When Death Comes | Mary Oliver
Death is on my mind. Not just because we’re in the season of Lent, but because it’s impossible to escape death. Here’s Mary Oliver’s take on death. My brief comments follow.
When Death Comes
When death comes
like the hungry bear in autumn;
when death comes and takes all the bright coins from his purse
to buy me, and snaps the purse shut;
when death comes
like the measle-pox
when death comes
like an iceberg between the shoulder blades,
I want to step through the door full of curiosity, wondering:
what is it going to be like, that cottage of darkness?
And therefore I look upon everything
as a brotherhood and a sisterhood,
and I look upon time as no more than an idea,
and I consider eternity as another possibility,
and I think of each life as a flower, as common
as a field daisy, and as singular,
and each name a comfortable music in the mouth,
tending, as all music does, toward silence,
and each body a lion of courage, and something
precious to the earth.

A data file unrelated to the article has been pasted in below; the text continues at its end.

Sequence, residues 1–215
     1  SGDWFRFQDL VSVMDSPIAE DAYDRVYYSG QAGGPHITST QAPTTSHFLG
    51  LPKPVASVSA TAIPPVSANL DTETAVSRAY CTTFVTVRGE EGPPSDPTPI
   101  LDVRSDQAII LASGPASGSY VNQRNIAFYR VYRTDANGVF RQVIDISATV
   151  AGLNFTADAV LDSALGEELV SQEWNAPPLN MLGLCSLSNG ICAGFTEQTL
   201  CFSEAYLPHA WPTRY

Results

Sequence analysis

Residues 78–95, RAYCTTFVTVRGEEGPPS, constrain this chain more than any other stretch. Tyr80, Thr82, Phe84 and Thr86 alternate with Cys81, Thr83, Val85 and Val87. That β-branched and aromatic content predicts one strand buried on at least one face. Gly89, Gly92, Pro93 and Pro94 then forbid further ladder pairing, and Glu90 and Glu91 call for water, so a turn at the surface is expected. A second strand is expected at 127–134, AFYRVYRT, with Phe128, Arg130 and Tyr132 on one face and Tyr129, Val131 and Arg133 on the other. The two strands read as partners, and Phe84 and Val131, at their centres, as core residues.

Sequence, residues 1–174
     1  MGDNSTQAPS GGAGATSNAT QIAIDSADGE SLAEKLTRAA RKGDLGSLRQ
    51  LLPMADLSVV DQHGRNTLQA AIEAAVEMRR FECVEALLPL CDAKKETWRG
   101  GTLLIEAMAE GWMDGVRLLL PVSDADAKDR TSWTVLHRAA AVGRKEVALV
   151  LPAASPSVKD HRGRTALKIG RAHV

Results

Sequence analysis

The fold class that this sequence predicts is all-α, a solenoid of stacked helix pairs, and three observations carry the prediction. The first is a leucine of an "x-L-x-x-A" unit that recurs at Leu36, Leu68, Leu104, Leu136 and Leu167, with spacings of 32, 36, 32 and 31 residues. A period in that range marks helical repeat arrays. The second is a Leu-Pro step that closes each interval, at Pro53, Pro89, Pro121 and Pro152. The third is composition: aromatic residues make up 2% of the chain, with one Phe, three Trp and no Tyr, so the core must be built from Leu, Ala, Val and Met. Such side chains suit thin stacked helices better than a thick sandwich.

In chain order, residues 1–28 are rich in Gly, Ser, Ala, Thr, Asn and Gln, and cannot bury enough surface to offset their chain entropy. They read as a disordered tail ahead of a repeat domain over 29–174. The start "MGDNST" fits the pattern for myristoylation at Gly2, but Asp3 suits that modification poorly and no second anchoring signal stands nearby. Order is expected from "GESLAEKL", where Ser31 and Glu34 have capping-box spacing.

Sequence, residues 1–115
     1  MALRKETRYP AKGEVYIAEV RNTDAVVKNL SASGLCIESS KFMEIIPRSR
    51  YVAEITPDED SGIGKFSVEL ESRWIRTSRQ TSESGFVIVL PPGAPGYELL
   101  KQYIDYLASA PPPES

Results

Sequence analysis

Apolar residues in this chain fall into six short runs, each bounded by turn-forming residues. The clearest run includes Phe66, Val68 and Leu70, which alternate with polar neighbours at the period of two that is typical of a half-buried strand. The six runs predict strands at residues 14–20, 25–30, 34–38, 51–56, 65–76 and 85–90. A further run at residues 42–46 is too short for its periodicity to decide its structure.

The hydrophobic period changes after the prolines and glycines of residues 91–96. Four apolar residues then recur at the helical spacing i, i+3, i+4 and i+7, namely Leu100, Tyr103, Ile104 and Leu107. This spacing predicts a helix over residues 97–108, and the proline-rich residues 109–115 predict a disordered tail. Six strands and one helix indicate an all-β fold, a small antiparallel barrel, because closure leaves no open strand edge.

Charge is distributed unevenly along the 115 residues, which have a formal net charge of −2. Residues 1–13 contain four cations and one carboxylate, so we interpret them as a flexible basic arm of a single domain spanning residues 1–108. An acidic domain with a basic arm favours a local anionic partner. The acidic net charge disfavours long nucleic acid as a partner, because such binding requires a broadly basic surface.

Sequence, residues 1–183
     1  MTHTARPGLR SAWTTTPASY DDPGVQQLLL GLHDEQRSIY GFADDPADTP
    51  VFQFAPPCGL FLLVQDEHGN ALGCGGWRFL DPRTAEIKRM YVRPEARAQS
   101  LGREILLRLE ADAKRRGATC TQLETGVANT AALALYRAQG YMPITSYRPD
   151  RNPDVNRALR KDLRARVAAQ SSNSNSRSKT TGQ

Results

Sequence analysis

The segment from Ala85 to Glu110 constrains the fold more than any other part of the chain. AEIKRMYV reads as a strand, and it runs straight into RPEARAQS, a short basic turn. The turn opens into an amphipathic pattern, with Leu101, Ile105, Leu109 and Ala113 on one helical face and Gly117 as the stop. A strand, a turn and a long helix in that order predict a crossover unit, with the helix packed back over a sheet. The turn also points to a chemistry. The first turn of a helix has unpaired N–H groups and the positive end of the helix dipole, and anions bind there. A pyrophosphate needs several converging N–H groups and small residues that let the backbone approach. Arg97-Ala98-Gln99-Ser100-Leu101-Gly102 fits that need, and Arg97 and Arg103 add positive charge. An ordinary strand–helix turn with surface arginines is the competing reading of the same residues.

When it’s over, I want to say all my life
I was a bride married to amazement.
I was the bridegroom, taking the world into my arms.
When it’s over, I don’t want to wonder
if I have made of my life something particular, and real.
I don’t want to find myself sighing and frightened,
or full of argument.
I don’t want to end up simply having visited this world.
© 1992 by Mary Oliver, published by Beacon Press
From New and Selected Poems, Volume One (pub. 1992), pp. 10-11
It’s impossible to get through Lent without pondering death. Not just the death of Jesus of Nazareth, but my own death. How do I prepare to die?
Writing about death helps. So does revisiting deaths of family members and friends. Also, acknowledging holes in my life that will never be filled. And my own fear of dying before I think I’m ready.
So what does it mean to live each day as potentially my last day on this earth? Mary suggests I pay attention to the now of this world. Become more than a visitor. Become amazed at this world and its inhabitants. Especially those flowers of the field that have put up with the likes of us from the very beginning.
As for going through what Mary calls the “the door” of death, yes, I’m curious. Though not as curious as Mary. Still, the focus is today, the only way to prepare for tomorrow.
© Elouise Renich Fraser, 25 February 2021
Image found at wwwreligionlac.net